by Andrew Crum with the NCAA
Perhaps the motto says it all, ‘Freezin’ for a Reason.
For John Shukie, director for academic and membership affairs, his reason came in February last year. His daughter, Nadia, was born with Down syndrome on February 10, 2012. And a random trip to Starbucks a week after her birth would pique his interest about a special way to honor her.
In an effort to help raise money for Special Olympics-Indiana (a not-for-profit organization that provides year-round sports training and athletic competition in more than 20 Olympic-type sports for children and adults with intellectual disabilities), Starbucks featured advertisements about an upcoming Polar Plunge event at Eagle Creek Reservoir.
After Shukie found out more information on the event website, he knew he wanted to participate.
The Polar Plunge is an annual charitable event held in February where nearly 600 participants jump into a cold body of water to raise money for Special Olympics-Indiana. “I actually like cold water, so it doesn’t bother me too much,” Shukie said. “I went to college in Maine, so I am used to the cold.”
In less than two weeks before last year’s event, Shukie collected over $3,300 in donations (his goal was $2,000) from family, friends and co-workers – an unexpected and overwhelming outpouring of support.
Fast forward to 2013. Shukie participated in the plunge again, held on Saturday, February 23. However, this year Shukie was not alone. Instead, ‘Team Nadia’ also had with help from nine other NCAA staff members (Brynna Barnhart, Nino Berticelli, Andy Cardamone, Juliette Kenny, Louise McCleary, Cindi Merrill, Stephanie Metz, Jason Montgomery and Jean Orr).
“Some were harder to convince than others,” Shukie said. “Some were good friends, for others it was on their bucket lists, and a few had family members with disabilities. It was a good thing to do for everyone.”
Not only was the Polar Plunge for a great cause, but it is also allowed for the group to show off their favorite 1980’s prom attire for the group costume contest. So Team Nadia dressed to impress – shoulder pads, corsages, boutonnieres and all.
Taking the Plunge
The Polar Plunge teams anxiously wait to hear their name called, and then report to the staging tent, a temporary resting (and warming) station, before taking the ‘plunge’. After the team is called, they exit the staging tent to a set of steps leading toward the beach. Lining up shoulder to shoulder, they anticipate the countdown, and then “freestyle” (plunger’s choice of walking, running or swimming) how they enter the water.
While some teammates quickly ran in and back out, Shukie dove in head first after he took a few steps into the icy water. “When the water first hits you, it takes your breath away,” he said.
The worst part of taking the ‘plunge,’ according to Shukie, is trying to exit the water with the cold wind biting at your numbed skin and the wet, heavy clothing trying to hold you back.
Upon completion of the ‘plunge,’ Team Nadia quickly headed toward an unheated locker room where wall-to-wall people attempt to replace their wet clothing with dry, all while shivering and shaking. If one is fortunate enough to be labeled a ‘Super Plunger’ (raising $4,000 or more, as Shukie did this year) you receive two rewards: to ‘plunge’ twice and a parking pass to park directly behind the event location. For Shukie, the parking pass was the special perk; his wife already had the car running, the heat and seat warmers turned on high when he emerged from the icy water.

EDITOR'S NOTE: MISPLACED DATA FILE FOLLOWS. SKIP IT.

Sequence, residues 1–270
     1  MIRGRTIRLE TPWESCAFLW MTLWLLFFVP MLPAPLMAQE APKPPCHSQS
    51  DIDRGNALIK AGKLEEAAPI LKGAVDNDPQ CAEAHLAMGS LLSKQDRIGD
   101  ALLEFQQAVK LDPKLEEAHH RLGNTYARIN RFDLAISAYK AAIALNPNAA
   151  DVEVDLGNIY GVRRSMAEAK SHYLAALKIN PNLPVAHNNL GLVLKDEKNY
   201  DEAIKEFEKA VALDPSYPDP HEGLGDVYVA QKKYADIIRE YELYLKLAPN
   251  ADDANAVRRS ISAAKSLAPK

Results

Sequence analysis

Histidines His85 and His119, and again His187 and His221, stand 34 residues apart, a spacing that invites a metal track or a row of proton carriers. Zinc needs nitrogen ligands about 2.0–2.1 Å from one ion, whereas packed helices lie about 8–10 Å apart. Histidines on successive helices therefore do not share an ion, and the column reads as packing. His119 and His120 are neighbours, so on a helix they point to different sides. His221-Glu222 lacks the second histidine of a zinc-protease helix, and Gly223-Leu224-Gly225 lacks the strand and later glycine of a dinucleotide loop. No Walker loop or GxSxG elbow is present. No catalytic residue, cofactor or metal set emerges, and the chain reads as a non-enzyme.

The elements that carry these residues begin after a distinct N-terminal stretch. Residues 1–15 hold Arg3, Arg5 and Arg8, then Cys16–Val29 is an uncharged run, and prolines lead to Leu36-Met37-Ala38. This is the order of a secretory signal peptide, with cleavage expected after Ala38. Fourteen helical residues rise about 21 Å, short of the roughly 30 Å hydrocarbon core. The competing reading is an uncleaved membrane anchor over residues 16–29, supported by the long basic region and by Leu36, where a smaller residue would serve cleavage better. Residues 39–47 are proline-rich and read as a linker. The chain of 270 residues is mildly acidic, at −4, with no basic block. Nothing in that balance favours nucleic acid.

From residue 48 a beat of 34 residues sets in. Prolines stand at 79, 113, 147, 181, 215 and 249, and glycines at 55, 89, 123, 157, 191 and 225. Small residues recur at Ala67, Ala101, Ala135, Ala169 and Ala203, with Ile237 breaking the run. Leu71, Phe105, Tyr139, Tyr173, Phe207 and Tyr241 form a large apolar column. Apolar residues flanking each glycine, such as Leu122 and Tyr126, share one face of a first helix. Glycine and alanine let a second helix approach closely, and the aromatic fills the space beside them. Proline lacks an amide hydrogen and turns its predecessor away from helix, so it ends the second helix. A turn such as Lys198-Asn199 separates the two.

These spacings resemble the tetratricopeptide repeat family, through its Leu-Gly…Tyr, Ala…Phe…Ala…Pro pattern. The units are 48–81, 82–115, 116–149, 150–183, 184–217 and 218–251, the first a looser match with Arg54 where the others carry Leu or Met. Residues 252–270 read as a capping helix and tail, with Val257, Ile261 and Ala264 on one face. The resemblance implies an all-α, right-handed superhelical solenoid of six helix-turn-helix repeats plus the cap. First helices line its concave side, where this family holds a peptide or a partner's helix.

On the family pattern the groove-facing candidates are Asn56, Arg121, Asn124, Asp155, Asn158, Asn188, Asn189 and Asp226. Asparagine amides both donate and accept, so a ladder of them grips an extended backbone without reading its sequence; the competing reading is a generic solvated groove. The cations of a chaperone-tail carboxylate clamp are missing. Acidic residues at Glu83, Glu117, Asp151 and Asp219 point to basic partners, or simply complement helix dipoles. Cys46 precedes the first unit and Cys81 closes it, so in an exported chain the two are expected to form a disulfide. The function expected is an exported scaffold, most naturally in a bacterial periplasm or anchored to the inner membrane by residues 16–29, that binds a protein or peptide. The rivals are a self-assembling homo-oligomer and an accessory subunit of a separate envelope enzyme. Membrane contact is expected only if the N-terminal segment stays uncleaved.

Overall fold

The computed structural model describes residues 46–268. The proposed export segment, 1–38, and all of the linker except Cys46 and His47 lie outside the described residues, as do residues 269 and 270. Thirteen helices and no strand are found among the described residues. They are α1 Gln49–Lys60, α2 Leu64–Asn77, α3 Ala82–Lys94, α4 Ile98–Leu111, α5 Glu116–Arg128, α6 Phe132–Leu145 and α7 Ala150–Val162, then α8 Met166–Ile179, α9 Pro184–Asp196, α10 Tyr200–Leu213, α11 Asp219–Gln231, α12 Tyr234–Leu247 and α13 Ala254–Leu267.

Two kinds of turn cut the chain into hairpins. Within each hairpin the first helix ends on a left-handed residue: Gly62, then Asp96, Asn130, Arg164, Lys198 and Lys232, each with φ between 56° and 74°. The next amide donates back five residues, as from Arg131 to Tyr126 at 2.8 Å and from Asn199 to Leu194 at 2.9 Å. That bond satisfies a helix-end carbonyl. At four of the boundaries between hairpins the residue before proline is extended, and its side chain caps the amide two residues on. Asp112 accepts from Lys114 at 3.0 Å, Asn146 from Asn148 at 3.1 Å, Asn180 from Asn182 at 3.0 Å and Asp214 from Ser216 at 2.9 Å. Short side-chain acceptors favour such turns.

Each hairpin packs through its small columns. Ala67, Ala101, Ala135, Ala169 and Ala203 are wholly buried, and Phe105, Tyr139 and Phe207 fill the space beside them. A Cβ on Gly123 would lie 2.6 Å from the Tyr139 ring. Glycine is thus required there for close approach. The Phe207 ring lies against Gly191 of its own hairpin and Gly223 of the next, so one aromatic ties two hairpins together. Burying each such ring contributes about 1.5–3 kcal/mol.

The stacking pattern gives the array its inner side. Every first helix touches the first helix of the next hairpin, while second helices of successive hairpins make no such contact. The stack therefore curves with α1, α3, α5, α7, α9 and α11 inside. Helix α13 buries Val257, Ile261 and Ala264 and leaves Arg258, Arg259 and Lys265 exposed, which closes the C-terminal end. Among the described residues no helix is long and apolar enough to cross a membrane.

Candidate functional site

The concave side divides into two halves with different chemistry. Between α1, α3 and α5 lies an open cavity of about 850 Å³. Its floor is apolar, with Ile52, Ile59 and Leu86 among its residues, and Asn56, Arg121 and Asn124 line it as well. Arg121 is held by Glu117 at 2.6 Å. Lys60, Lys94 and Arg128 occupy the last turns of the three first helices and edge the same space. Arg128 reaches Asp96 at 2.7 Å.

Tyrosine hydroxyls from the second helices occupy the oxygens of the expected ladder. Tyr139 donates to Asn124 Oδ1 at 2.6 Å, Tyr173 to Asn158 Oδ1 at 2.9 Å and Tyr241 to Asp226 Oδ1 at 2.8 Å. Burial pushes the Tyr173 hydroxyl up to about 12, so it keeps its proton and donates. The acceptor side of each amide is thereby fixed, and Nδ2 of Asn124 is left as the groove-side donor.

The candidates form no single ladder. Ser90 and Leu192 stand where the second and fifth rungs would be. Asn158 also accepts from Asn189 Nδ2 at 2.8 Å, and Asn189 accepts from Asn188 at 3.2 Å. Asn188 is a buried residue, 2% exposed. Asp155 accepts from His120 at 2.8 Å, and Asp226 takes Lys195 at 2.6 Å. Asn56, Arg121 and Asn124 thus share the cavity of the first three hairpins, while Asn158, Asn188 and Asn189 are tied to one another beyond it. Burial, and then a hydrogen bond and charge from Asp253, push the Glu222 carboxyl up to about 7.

Raising the bar
Although the frigid excursion gives participants quite an adrenaline rush and is a display of courage, the most important part of the Polar Plunge – fundraising – is done before event. Using e-mail and forms of social media (Twitter and Facebook), Shukie and others spread the word to family members, friends and co-workers, asking for their donations and support.
In just two years, Shukie has alone raised over $8,300 for the Special Olympics. He collected $5,000 for this year’s event, once again surpassing his own fundraising goal ($4,000).The rest of the team contributed an additional $3,500 this year, making Team Nadia the second highest fundraising team in the city.
“I think it is a testament to the place that the NCAA is to get that support,” Shukie said. “That spoke volumes of the people that work at the national office and their support for the cause.” Shukie plans to continue this annual event in the future, and hopes to increase both fundraising and participation among staff members next year if possible.
Opportunities for Nadia
Another reason that Special Olympics are so near and dear to Shukie and his wife is that both were collegiate student-athletes. And they want to make sure there are opportunities for Nadia to also participate in sports.
“I hope Nadia will be able to participate in Special Olympics,” Shukie said. “Even for just one event, I would be happy.” For Shukie, the Polar Plunge event simply represents something he can do for his youngest daughter without the reliance of others.
“Over the last year, she has had open heart surgery and multiple doctor visits. A lot of things were out of my control, relying on doctors and experts for answers,” he said. “It’s a way for me to support her by being a good dad and giving her the opportunity to participate in athletics, like her other sisters.”“I feel like this is something powerful I can do for her.”